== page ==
• Özgür Karcıoğlu
  • Niyazi Özüçelik
  • Figen Coşkun
  • Cüneyt Ayrık
  • Ahmet Demircan

Eurasian J Emerg Med 2003;2(1):16-20

Emergency physicians frequently take part in various painful procedures in which the patient needs sedation and analgesia. Concious sedation is a state in which the protective airway reflexes are spared while the patient's awareness of the external stimuli is markedly depressed. In the emergency department, this is accomplished after obtaining the patient's informed consent and after implementing proper bedside monitoring and full recording of all events during the procedure. In most situations, the suitable combination for procedural sedation consists of a short-acting benzodiazepine (midazolam) and a potent opioid (e.g. fentanyl). Two absolute contraindications of concious sedation are refusal of the patient and hemodynamic instability. Midazolam is the drug of choice due to its short duration of action, making it useful for short procedures such as reduction of dislocations. The drug is also preferred because of its safe profile and predictability of effects. Flumazenil is used to reverse any unwanted side effects, such as respiratory depression. This article highlights the indications, effects, and side-effects of medications commonly used for procedural sedation in the emergency department.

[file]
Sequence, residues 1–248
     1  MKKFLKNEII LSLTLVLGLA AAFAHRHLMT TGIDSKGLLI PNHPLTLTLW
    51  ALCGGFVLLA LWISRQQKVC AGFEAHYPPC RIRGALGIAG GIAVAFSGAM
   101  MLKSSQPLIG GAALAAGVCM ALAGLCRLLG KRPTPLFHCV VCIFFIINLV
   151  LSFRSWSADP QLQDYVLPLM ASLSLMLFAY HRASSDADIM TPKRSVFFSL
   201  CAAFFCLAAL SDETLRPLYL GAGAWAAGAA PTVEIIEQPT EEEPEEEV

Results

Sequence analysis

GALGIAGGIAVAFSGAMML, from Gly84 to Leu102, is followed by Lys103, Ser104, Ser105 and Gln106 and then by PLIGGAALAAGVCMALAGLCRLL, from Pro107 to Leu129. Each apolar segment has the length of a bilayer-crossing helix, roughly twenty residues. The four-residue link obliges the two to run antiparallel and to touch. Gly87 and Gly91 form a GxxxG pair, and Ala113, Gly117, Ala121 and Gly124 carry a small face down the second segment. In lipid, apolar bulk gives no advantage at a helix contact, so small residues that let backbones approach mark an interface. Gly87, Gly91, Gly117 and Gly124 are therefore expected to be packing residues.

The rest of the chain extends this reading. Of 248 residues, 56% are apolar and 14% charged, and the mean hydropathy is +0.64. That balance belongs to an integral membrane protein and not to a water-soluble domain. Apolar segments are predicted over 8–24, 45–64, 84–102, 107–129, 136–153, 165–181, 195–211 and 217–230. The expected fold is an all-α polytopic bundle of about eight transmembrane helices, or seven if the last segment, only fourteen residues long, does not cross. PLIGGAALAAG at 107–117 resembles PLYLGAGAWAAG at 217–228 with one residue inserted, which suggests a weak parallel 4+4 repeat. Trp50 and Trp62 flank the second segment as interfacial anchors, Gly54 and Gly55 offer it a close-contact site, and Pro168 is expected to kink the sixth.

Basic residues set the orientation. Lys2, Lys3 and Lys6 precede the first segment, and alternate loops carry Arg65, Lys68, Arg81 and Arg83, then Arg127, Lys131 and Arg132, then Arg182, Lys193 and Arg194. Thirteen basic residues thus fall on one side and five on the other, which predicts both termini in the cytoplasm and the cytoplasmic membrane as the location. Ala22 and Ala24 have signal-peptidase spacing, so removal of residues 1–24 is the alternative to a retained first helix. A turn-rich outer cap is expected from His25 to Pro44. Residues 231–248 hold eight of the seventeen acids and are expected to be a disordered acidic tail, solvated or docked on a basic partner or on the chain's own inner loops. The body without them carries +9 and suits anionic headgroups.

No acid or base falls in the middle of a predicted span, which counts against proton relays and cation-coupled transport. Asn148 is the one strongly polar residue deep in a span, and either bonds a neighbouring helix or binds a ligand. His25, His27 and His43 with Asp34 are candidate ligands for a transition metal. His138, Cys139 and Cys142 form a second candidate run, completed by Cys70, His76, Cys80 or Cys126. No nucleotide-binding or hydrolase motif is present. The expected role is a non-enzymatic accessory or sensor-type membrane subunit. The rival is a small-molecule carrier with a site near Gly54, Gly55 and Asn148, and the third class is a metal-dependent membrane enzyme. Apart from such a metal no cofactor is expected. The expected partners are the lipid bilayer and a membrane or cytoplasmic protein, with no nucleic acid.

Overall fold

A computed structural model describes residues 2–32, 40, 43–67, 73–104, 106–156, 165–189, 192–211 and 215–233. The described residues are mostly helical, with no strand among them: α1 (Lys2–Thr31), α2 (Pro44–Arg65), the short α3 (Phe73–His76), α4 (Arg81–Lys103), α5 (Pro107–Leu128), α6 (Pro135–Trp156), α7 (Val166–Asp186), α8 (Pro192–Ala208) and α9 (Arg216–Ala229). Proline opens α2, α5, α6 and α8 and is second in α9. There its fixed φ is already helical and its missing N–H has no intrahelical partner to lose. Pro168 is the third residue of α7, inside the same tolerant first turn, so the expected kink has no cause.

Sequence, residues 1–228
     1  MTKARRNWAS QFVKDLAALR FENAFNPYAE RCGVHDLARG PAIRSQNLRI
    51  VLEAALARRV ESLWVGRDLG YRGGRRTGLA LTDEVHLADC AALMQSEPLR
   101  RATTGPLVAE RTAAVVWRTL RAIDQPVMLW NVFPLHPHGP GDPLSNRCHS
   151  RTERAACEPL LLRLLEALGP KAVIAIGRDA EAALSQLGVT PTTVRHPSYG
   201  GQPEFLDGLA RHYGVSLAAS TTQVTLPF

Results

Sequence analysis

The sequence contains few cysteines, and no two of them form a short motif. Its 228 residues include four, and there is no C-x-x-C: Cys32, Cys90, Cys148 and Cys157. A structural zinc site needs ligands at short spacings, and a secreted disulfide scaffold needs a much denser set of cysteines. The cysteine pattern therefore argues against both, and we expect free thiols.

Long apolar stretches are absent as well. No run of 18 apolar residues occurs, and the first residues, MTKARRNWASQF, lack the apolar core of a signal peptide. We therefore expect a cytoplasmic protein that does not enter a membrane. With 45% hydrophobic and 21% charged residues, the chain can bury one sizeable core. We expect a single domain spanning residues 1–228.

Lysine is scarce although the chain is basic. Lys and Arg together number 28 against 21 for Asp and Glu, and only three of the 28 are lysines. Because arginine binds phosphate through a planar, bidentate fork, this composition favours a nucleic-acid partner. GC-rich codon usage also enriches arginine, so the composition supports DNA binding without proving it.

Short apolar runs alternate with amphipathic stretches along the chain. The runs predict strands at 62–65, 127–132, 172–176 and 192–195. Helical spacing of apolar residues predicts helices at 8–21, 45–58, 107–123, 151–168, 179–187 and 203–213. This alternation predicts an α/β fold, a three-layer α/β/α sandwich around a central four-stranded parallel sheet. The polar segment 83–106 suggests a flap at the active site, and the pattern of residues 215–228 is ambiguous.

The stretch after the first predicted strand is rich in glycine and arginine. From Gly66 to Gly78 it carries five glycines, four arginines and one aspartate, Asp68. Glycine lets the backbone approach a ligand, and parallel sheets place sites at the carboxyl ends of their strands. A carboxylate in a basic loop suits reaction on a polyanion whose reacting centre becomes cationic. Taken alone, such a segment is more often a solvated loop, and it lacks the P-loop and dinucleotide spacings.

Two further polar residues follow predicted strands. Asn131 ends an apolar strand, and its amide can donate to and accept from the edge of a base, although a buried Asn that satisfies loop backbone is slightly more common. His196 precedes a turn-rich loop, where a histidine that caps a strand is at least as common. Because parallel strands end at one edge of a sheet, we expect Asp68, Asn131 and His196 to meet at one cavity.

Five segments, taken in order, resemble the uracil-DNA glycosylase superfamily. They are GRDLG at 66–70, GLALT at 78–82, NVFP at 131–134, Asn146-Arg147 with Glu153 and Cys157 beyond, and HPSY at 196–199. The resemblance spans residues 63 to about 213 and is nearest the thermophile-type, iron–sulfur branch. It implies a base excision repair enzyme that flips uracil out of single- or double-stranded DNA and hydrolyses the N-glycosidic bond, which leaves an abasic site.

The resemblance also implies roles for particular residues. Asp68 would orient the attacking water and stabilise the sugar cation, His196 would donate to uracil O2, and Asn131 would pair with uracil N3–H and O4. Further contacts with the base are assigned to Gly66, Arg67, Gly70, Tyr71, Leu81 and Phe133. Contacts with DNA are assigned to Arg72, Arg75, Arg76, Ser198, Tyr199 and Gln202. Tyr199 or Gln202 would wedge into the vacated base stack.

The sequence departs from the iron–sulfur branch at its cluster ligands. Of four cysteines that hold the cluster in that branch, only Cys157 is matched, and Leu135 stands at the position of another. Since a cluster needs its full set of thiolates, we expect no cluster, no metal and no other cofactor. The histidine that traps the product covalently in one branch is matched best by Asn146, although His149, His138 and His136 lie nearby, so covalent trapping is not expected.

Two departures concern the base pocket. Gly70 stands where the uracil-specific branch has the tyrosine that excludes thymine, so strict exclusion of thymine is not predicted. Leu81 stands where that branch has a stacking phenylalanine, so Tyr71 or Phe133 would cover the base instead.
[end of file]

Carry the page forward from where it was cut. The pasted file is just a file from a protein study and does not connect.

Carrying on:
Keywords: Procedural sedation, benzodiazepines, midazolam, emergency department